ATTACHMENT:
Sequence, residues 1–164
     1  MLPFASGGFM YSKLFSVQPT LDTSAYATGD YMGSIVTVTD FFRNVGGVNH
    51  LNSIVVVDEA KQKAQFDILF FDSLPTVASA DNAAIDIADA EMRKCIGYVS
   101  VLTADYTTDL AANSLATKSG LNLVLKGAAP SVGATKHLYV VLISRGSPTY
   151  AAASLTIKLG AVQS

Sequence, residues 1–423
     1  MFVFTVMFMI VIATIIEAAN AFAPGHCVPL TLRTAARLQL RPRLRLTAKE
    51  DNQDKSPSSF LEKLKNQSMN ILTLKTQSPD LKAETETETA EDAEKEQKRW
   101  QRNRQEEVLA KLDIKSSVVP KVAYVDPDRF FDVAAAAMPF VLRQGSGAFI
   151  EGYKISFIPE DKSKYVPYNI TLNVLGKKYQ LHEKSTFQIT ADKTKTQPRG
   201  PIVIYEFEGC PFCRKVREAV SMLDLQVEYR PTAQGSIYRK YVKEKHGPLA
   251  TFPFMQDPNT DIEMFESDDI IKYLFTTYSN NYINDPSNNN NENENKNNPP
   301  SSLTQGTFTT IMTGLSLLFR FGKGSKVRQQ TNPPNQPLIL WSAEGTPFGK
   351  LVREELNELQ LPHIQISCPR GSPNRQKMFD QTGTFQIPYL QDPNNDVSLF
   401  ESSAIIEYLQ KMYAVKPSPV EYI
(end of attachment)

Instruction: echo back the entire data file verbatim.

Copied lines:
Sequence, residues 1–164
     1  MLPFASGGFM YSKLFSVQPT LDTSAYATGD YMGSIVTVTD FFRNVGGVNH
    51  LNSIVVVDEA KQKAQFDILF FDSLPTVASA DNAAIDIADA EMRKCIGYVS
   101  VLTADYTTDL AANSLATKSG LNLVLKGAAP SVGATKHLYV VLISRGSPTY
   151  AAASLTIKLG AVQS

Sequence, residues 1–423
     1  MFVFTVMFMI VIATIIEAAN AFAPGHCVPL TLRTAARLQL RPRLRLTAKE
    51  DNQDKSPSSF LEKLKNQSMN ILTLKTQSPD LKAETETETA EDAEKEQKRW
   101  QRNRQEEVLA KLDIKSSVVP KVAYVDPDRF FDVAAAAMPF VLRQGSGAFI
   151  EGYKISFIPE DKSKYVPYNI TLNVLGKKYQ LHEKSTFQIT ADKTKTQPRG
   201  PIVIYEFEGC PFCRKVREAV SMLDLQVEYR PTAQGSIYRK YVKEKHGPLA
   251  TFPFMQDPNT DIEMFESDDI IKYLFTTYSN NYINDPSNNN NENENKNNPP
   301  SSLTQGTFTT IMTGLSLLFR FGKGSKVRQQ TNPPNQPLIL WSAEGTPFGK
   351  LVREELNELQ LPHIQISCPR GSPNRQKMFD QTGTFQIPYL QDPNNDVSLF
   401  ESSAIIEYLQ KMYAVKPSPV EYI